Meanwhile, I was undergoing additional testing to determine the status of my aorta. I remember seeing a lot of faces, backlit by a series of overhead lamps, before I blacked out. I woke up on the operating table as the anesthesiologist was preparing me for surgery, and then I was out again.

Dr. Fuchs’s suspicions had been confirmed: I had suffered an aortic dissection, a tearing of the aorta. In 98-and-a-half percent of aortic dissections, the tear spreads completely through all three layers of the aorta, which is nearly always fatal. Baruch Hashem, in my case, only the outer and middle layers had torn. My aorta was holding up for now, but it needed immediate repair.

In the wee hours of the morning, the hospital roused the thoracic surgeon, and he performed open heart surgery, using a synthetic graft to repair my artery. By the time my parents arrived, my heart surgery was completed, and doctors had started operating on my face and leg.

“The next few hours are crucial,” someone on staff told my parents; my life still hung in the balance.

Altogether, the surgeries took more than 12 hours — a torturous wait for my parents. When I finally emerged from the OR, I was hooked up to several machines, I had a trach, and I was heavily sedated with morphine. My parents remember it being incredibly painful to witness.

At this point, it was already Tuesday evening. My parents stayed with me through the night and into the next day. Wednesday, March 10, was the turning point: I squeezed my father’s hand.

“That was the greatest moment of my life,” my father says.

Now that I’m a parent myself, I can appreciate that sentiment — and that date continues to have significance. In fact, my first son was born on March 10, 2005, and we named him Yonasan — Hashem gives — in honor of the miracle Hashem performed for me on that day.

Later, when I finally opened my eyes, I saw my parents.

I’m alive?!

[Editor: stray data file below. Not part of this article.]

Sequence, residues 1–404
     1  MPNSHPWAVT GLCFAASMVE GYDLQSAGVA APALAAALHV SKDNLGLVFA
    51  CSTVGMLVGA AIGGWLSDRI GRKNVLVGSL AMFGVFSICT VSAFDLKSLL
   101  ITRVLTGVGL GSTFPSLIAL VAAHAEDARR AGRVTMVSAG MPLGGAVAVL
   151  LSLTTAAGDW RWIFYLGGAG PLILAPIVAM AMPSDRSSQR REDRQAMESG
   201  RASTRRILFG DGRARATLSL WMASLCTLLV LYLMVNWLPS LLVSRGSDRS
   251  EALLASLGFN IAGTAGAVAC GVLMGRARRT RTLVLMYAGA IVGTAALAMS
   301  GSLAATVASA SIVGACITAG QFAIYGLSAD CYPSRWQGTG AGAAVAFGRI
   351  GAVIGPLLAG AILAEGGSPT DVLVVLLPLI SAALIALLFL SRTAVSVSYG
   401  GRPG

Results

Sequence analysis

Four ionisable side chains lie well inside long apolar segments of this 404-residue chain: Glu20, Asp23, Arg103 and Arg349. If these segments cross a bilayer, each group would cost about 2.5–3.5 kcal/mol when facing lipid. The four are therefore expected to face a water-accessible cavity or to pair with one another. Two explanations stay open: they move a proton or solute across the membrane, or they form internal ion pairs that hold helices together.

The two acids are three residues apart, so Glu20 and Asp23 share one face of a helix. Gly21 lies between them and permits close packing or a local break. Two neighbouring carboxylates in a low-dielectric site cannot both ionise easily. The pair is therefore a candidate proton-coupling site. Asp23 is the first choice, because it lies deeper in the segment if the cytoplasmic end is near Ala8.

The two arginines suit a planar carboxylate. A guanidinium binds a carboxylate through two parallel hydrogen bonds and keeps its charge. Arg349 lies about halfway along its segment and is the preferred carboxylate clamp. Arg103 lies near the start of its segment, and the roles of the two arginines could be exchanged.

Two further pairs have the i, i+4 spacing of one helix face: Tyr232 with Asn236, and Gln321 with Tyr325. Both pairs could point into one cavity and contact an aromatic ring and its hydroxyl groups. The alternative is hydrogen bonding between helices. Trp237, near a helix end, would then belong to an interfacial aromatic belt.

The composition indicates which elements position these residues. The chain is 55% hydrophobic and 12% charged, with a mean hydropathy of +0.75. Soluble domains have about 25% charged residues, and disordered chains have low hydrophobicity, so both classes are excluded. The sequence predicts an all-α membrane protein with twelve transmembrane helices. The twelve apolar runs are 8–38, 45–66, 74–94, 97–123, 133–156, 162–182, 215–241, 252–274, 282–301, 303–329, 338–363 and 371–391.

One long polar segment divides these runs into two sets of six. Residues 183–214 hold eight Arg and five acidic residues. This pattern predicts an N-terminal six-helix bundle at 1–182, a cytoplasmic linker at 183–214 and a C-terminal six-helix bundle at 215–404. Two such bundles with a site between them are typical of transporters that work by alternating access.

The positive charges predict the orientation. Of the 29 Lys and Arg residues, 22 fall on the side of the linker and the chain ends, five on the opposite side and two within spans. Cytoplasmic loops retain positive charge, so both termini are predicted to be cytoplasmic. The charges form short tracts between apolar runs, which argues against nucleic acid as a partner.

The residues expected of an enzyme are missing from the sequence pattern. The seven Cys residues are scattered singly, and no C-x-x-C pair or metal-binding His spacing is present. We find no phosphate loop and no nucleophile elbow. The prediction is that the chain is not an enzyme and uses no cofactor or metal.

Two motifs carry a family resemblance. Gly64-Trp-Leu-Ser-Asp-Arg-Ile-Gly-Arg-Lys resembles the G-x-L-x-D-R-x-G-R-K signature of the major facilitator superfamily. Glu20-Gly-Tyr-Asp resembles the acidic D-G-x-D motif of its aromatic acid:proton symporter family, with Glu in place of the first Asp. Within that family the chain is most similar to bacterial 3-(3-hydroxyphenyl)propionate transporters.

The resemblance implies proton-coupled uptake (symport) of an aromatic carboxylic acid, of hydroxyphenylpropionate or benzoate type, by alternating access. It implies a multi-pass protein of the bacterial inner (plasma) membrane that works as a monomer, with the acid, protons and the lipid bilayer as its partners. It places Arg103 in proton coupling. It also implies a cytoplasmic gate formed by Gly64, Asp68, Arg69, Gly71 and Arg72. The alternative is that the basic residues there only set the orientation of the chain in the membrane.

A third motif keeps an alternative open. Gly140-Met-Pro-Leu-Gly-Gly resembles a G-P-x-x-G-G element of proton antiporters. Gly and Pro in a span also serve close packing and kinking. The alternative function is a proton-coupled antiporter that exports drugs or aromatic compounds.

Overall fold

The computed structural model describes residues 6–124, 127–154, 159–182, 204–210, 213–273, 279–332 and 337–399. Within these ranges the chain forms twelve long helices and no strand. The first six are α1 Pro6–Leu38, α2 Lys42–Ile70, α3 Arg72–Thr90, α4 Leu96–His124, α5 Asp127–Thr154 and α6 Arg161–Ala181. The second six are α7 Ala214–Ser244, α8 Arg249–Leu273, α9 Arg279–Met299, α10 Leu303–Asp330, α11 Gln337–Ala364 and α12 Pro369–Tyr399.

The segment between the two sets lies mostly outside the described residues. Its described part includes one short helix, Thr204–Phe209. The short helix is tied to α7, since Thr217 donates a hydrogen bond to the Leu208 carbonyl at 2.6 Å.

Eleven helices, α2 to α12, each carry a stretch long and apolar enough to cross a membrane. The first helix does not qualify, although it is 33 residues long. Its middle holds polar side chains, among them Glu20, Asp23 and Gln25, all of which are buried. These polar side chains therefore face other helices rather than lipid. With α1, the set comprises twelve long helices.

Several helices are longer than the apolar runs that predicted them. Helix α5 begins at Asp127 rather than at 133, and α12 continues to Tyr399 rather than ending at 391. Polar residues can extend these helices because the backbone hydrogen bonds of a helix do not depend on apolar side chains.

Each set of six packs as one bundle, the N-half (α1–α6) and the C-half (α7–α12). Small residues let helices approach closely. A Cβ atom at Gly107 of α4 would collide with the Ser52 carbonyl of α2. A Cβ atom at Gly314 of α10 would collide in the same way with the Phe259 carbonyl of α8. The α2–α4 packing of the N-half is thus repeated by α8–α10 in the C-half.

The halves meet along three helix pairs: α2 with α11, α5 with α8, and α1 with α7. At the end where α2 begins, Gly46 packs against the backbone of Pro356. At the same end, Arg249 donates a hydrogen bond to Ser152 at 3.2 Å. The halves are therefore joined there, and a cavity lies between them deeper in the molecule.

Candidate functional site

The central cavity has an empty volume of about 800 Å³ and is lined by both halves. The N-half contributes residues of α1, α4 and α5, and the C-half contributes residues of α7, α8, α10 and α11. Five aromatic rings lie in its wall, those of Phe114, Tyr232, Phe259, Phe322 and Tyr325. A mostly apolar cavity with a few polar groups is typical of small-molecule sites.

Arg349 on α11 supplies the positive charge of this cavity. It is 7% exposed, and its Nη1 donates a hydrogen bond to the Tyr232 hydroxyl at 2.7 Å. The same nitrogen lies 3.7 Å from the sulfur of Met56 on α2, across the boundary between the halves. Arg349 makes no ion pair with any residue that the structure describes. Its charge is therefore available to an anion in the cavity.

They were smiling, crying, but with the breathing tubes, I couldn’t speak. The nurses gave me a pad and paper to write; my mom still has those notes. And my father stayed true to his word: From that day on, he became shomer Shabbos.

I, however, was a different story. While I was recovering, a Chabad rabbi came into my hospital room to visit.

“Hashem performed a neis for you,” he said. “Maybe you’d like to put on tefillin?”

“Why?” I replied. “If I thought putting on tefillin was the right thing to do, I’d be doing it already!”


After two weeks in the hospital, I was well enough to return home to New Jersey. At a follow-up visit with my non-Jewish cardiologist a little while later, I struggled to justify why I’d survived. He waved away my explanations.

“Son,” he said, “it was Divine Intervention.”

It’s clear to anyone who understands the medical facts — even the irreligious — that Hashem saved me that day.

After several surgeries, including titanium plates under both eye orbits, my face was put back together, and with the help of a steel rod, my femur, too, ultimately healed. I slowly recovered from my injuries, and in September, I returned to college to finish my degree.

When I graduated two years later, my father handed me a copy of the ArtScroll Chumash. As I read through it, it became clear to me that it was written by a Divine source. Though I never doubted I had lived through a miracle, it wasn’t until I realized that Hashem wrote the Torah and wanted to have a relationship with me — me! — that I began to turn my life around. I participated in the Israelite kiruv program in Eretz Yisrael, after which I moved to the Upper West Side. There, I met my wife, Devorah, at Aish NY. We were married in 1999.

Through it all, I felt like I owed Hashem something for all He had done for me, so I spent several years learning in kollel before becoming a campus rabbi for EMET Outreach in Queens, New York. Upon hearing my story, one of my rebbeim pointed out that I should make a seudas hoda’ah. On the tenth anniversary of the accident, we made our first seudah in a shul on the Upper West Side.

Every year since then, I make a seudas hoda’ah around the 17th of Adar, the day of the crash. Devorah organizes the details, and I usually make a siyum on a masechta. We host anywhere from twenty to forty guests in our home, different people every year so we can spread the story of my neis. Of course, my parents are always there — this is their neis as much as it’s mine!

The seudas hoda’ah really takes us back to the event, allowing us to experience Hashem’s kindness anew. It is a chance to thank Hashem for giving me a new lease on life as well as a spiritual rebirth, because the miracle I experienced was the catalyst for my religious transformation four years down the line. At the seudah, everyone in the family speaks about the accident from their perspective.

“As traumatic the experience was, it was worth it because it brought us to where we are today — proud observant Jews,” is my mother’s constant refrain.

I couldn’t agree more.


Rabbi Reuven Kigel is the campus director for EMET Outreach at Baruch College, Queens College, and St. John’s University in New York. He lives in Passaic, New Jersey.

(Originally featured in Mishpacha, Issue 888)